Covering the Front and Back Pages of the Newspaper
January 21, 2005
WAR: Bully Pulpit
One of the core convictions that separates conservatives from liberals - and, to some extent, libertarians as well - is the importance conservatives place on strong law enforcement, a strong military and a tough foreign policy. In his Second Inaugural Address yesterday, President Bush said something that really cut to the core of that conviction:
Now, I got pushed around a lot when I was younger, and probably the main reason I became a conservative, even before I started thinking through the other aspects of conservatism, was the realization that conservatives know how to deal with bullies, which is to say not through negotiation or paying them off, but by confronting them with superior force.
On the other hand, this struck me as going too far, and something Bush will live to regret:
Today, America speaks anew to the peoples of the world:
There is, it is true, no question that the Bush Administration's sympathies will lie with everyone who fights for liberty and democracy, and that the White House and the State Department will issue nice little press releases on their behalf, which is better than nothing. And it's also true that our end objective is to promote liberty and democracy everywhere.
But we shouldn't pretend that we will stand up equally for dissidents against every regime, because we won't. Winning a long-term global war means picking our battles and, among other things, deciding where we can live with unsavory allies for a time. That means, in practical reality, that we're not going to do very much to support pro-democracy forces in, say, Turkmenistan, because we have bigger fish to fry at the moment.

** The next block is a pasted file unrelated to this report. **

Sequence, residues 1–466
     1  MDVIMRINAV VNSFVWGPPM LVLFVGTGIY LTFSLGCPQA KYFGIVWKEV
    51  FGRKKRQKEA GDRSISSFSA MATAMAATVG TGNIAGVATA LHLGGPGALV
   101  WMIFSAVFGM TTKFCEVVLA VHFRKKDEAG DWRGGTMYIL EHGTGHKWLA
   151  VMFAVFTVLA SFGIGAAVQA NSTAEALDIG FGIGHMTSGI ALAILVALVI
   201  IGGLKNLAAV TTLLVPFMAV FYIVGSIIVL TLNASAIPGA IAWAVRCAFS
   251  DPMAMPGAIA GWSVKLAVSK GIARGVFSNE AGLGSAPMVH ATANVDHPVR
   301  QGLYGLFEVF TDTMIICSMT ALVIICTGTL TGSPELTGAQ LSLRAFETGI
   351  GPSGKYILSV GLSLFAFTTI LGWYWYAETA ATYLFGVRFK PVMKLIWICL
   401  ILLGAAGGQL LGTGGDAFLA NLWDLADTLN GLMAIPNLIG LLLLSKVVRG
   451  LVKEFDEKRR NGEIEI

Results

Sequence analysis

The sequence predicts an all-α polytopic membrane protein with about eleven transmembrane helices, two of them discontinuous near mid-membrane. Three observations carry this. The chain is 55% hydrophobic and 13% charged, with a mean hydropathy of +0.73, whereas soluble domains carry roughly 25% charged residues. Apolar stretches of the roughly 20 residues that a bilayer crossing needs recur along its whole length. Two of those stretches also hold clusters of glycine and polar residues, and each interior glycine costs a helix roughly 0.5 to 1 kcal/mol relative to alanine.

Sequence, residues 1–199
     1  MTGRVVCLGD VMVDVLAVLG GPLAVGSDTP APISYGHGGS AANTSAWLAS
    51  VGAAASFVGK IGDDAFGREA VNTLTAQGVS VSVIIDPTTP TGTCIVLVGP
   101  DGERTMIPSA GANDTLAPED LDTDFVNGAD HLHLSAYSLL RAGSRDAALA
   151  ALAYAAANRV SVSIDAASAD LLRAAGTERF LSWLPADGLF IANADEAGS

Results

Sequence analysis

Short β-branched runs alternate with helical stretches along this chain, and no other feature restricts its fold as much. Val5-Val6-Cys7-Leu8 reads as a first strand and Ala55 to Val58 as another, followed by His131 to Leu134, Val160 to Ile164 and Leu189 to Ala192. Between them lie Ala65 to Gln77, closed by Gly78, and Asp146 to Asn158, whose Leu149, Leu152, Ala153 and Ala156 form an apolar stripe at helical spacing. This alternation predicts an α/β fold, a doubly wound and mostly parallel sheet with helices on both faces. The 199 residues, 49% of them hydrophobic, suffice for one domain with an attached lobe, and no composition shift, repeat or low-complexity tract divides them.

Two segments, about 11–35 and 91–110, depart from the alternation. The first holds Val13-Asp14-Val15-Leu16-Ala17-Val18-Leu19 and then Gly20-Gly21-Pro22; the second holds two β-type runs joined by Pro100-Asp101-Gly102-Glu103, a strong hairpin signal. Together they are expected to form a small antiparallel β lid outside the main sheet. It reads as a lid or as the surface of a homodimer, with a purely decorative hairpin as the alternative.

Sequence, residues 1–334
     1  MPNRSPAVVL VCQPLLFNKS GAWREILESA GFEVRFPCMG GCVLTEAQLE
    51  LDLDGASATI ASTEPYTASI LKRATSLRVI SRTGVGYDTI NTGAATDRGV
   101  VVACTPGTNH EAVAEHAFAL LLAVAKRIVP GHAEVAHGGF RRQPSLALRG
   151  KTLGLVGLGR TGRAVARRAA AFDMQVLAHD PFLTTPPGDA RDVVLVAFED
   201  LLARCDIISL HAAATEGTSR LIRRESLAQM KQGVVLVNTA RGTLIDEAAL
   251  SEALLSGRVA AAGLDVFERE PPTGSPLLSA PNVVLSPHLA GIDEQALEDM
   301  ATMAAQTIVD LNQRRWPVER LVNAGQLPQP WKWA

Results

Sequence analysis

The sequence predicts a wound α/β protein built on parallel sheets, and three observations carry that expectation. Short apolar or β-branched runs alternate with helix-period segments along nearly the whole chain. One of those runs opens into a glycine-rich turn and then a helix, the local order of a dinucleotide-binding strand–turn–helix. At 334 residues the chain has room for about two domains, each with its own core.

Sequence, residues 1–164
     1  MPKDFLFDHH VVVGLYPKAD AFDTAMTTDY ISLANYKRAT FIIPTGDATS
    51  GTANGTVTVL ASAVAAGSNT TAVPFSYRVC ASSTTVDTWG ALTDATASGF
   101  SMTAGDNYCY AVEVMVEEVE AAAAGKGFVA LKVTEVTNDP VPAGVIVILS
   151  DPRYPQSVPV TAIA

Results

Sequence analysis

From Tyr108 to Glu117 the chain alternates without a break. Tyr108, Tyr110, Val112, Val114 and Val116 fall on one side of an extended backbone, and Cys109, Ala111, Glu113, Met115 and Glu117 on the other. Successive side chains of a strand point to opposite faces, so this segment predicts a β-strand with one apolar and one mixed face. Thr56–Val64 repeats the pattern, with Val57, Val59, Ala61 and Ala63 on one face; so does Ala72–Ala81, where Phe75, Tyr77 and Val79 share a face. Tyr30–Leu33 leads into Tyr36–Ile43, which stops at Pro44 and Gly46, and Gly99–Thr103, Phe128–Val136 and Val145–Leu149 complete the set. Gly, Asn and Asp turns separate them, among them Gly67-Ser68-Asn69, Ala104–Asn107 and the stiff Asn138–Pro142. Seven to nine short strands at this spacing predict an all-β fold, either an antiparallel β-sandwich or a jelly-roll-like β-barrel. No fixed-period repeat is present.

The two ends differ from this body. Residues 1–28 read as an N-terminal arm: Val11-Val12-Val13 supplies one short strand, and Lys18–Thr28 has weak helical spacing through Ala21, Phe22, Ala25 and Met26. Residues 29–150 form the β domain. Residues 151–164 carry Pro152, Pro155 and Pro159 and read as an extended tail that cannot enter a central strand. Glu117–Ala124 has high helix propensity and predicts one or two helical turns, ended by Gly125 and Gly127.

This fact is why I give no credence to complaints that the U.S. is somehow hypocritical in promoting democracy in some places while making alliances of convenience with nasty dictators in others. Our long-term goal of promoting democracy and liberty is unchanged, but we have to get there by starting somewhere. Complaints about hypocrisy are like the case of a man who decides to repaint his house from blue to green, and his neighbor comes by a few weeks later and says, "You hypocrite! You said you wanted a green house, but here we stand weeks later and the whole back of the house is still blue, while you lavish green paint on the front; why can't you put green paint on all sides of the house equally?" Naturally, the man will reply, "you idiot! I'm trying to finish painting the front of the house, and get that job done right, before I start the back."
Bush, unfortunately, made it sound yesterday like we intend to paint all sides of the house equally, which we can't, shouldn't and won't.
On the other hand, I did like Jonah Goldberg's line about the speech: "I wish someone would wrap a dead fish with it and drop it off at the Saudi embassy."